Tax Tip: Generate Energy Credits for Clients

By Ken Berry
 
This is the fourth article in our series of tax return tips for 2011 returns. 
 
Are your clients "going green?" Besides doing their small part to save the planet, taxpayers can claim a residential energy credit for installing qualified energy-saving devices in the home. 
 
The main energy credit, which has been extended with modifications several times, technically expired on January 1, 2012, but it can still be claimed on a 2011 return.
 
The list of expenses covered by the residential energy credits includes the following:
  • Insulation materials
  • Exterior windows and skylights
  • Exterior doors
  • Central air conditioners
  • Natural gas, propane, and oil water heaters or furnaces
  • Hot water boilers
  • Electric heat pump water heaters
  • Certain metal roofs
  • Biomass stoves
  • Advanced main air circulating fans
Clients should be informed that the credit doesn't apply to refrigerators, dishwashers, washers, and dryers. In some cases, a state may provide a rebate program for these commonly used appliances.  
 
Note that a related credit is available for qualified solar electric systems, solar hot water heaters, geothermal heat pumps, wind turbines, and fuel cell property. This credit extends through 2016.
 
How much is the residential energy credit? It's not as generous as it was in the past. For 2011 returns, the credit is equal to 10 percent of the taxpayer's qualified expenditures, up to a $500 lifetime limit. Previously, the credit was 30 percent of the cost of qualified expenses, up to a maximum of $1,500. In addition, the current credit for windows is capped at $200; furnaces and boilers at $150; air conditioners, air source heat pumps, and biomass stoves at $300; and advanced main air circulating fans at $50.
 
Finally, the maximum credit is reduced by residential energy credits from the prior two years. For instance, if a client claimed a $300 credit on his or her 2010 return, the maximum credit for 2011 is only $200.  


See the whole series of Ken Berry's tax tips for the 2012 filing season
  1. How to Secure an 'Extra' Dependency Exemption
  2. Choose the 'Biggest and Best' State Tax Deduction
  3. Lock in Mortgage Interest Deductions for Points
  4. Generate Energy Credits for Clients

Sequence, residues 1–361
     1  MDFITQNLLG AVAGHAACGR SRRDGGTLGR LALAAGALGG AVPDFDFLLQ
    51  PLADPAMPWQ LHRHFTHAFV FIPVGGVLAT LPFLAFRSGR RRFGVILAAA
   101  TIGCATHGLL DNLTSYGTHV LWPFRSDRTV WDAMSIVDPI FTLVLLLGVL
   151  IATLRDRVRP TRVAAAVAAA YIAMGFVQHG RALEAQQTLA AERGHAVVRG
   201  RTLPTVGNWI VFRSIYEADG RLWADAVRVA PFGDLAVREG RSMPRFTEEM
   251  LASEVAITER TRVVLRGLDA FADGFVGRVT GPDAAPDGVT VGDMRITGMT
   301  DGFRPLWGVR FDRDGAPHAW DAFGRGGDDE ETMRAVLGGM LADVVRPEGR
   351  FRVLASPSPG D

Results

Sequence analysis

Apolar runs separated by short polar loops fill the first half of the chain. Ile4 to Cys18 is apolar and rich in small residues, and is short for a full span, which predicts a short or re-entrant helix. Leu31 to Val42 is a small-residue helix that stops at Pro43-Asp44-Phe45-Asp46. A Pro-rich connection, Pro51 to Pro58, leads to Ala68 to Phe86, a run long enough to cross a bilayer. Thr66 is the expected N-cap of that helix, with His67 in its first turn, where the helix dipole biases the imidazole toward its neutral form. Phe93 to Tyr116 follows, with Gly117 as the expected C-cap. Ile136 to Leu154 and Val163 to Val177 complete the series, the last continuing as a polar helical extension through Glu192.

5. Dish Out Tax Rewards to Charitable Volunteers
  6. A Party at Home? That's (Deductible) Entertainment!
  7. Spell Out Tax Rules for Business Education
  8. Add on Medical Expenses for a Nondependent
  9. How Do You Spell Tax Relief? C-a-s-u-a-l-t-y Loss
  10. Expand the Reach of Dependent Care Credit


Related articles:

You may like these other stories...

Tesco accounting probe finds “inappropriate behavior” by staff – reportsClare Hutchison of Reuters wrote on Sunday that an investigation into a 250 million-pound ($402 million) profit overstatement at...
Did you ever feel as if you're preparing taxes in the Twilight Zone? You may be more right than you think. Each year, professional preparers all over the country have to work in a shadowy reflection of the normal tax...
The split over convergenceDavid M. Katz of CFO wrote an interesting article on Thursday about the Financial Accounting Standards Board (FASB) and the International Accounting Standards Board (IASB) backing away from their...

Already a member? log in here.

Upcoming CPE Webinars

Oct 21Kristen Rampe will share how to speak and write more effectively by understanding your own and your audience’s communication style.
Oct 22This webinar will include discussions of important issues in AU-C 800, Audits of Financial Statements Prepared in Accordance with Special Purpose Frameworks.
Oct 23Amber Setter will show the value of leadership assessments as tools for individual and organizational leadership development initiatives.
Oct 30Many Excel users have a love-hate relationship with workbook links.